'Higher mortgage rates due to low repossessions'
Mortgage interest rates tend to be higher in an environment where it is tougher to repossess homes, the Economic and Social Research Institute has said.
The ESRI also suggested that fostering greater banking competition would help cut mortgage interest rates - and warned against political intervention.
At the launch of its latest economic commentary, the think tank compared mortgage interest rates in Ireland with those in Germany, Spain, Greece and the eurozone average.
Even after recent decreases, Ireland remains an outlier with the highest mortgage rates.
The lowest are to be found in Spain, where they average around 1.75pc.
Kieran McQuinn, ESRI associate professor, said if it is more difficult for banks to repossess homes over distressed loans, they price this into their credit risk.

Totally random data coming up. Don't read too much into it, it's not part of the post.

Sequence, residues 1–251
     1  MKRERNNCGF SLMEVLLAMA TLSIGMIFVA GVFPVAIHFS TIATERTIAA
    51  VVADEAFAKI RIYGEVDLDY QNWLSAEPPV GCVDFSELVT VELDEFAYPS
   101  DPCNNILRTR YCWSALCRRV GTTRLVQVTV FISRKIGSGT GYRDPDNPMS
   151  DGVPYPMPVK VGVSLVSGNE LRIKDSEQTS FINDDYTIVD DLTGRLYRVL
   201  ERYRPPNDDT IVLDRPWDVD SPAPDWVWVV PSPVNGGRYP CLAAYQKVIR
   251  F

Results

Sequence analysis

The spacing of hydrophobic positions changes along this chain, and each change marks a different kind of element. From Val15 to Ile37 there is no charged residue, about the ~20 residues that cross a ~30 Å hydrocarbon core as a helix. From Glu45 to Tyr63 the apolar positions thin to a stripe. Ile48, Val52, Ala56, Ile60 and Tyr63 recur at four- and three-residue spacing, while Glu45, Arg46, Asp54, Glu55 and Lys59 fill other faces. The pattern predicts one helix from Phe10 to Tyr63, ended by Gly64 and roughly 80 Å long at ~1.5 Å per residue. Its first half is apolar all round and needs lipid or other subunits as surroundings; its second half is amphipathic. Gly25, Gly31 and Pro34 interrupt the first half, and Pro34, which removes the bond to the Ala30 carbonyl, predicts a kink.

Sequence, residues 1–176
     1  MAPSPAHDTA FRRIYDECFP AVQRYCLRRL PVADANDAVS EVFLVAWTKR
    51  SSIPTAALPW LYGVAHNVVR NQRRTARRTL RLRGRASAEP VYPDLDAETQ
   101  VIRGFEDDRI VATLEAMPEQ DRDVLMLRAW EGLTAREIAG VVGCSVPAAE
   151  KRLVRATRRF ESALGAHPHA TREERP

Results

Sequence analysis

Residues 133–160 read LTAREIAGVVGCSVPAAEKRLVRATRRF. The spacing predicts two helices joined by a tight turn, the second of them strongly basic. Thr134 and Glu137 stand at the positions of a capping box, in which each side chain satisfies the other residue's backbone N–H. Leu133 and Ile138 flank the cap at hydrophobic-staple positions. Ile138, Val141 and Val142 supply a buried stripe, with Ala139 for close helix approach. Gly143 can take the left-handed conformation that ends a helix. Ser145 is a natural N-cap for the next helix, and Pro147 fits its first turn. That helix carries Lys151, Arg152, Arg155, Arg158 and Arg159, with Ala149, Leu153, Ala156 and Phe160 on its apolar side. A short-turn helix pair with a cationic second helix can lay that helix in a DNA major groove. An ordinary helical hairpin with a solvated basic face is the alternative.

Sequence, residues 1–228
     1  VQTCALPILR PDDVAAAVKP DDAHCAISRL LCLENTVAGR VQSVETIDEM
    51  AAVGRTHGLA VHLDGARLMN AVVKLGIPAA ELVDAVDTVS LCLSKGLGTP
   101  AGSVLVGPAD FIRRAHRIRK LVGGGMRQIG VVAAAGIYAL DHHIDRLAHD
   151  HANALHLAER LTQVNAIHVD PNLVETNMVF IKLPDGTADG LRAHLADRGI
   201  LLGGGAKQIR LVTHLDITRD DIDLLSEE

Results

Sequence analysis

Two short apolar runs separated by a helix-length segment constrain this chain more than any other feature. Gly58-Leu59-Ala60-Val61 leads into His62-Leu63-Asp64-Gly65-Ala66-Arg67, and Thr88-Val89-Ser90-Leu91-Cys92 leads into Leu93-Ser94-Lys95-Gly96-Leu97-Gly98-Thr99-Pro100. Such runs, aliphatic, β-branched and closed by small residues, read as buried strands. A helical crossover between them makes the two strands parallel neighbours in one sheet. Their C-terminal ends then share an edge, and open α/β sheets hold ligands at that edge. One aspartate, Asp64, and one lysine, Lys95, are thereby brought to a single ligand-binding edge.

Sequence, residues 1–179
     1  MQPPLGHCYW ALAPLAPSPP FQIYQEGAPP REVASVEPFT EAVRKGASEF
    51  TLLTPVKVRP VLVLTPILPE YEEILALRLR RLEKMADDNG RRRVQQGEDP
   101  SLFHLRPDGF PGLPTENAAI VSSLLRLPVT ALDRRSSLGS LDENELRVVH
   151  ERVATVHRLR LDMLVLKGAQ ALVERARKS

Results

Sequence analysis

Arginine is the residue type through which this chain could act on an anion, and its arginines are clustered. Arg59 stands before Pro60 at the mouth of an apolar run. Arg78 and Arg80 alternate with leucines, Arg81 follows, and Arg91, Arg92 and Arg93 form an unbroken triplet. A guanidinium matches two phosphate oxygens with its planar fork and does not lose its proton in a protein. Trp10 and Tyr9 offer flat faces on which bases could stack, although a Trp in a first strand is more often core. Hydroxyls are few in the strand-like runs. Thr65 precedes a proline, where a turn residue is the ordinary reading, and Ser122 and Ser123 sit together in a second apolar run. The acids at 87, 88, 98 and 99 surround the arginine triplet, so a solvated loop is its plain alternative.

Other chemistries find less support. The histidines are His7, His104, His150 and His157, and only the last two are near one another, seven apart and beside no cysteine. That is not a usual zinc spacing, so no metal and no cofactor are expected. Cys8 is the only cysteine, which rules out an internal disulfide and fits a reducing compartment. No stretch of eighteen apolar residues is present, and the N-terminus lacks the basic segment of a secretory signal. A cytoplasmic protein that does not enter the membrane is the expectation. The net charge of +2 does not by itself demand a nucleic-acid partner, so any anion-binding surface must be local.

"Spain is quite interesting. Spain had a significant housing boom and bust like ourselves and their variable interest rate is one of the lowest across Europe," Mr McQuinn said.
"And one of the reasons offered for this is - and this is somewhat relevant in the Irish case - that it is relatively easier for banks to recover distressed loans in Spain than across other European countries."
The commentary states that Ireland's interest rates are comparable only to Greece's. It adds: "In both cases, Irish rates would appear to be significantly higher than the euro area average and, if anything, the margin or wedge between the two is actually increasing through time."
Mr McQuinn added: "On average, if it is more difficult for banks to repossess properties and repossess distressed loans, they tend to price this in to the credit risk, and this leads to higher interest rates on average, if you're looking at it across countries."
He also said that the State should get rid of its stakes in the banks at a faster rate in order to foster competition and so drive down mortgage rates.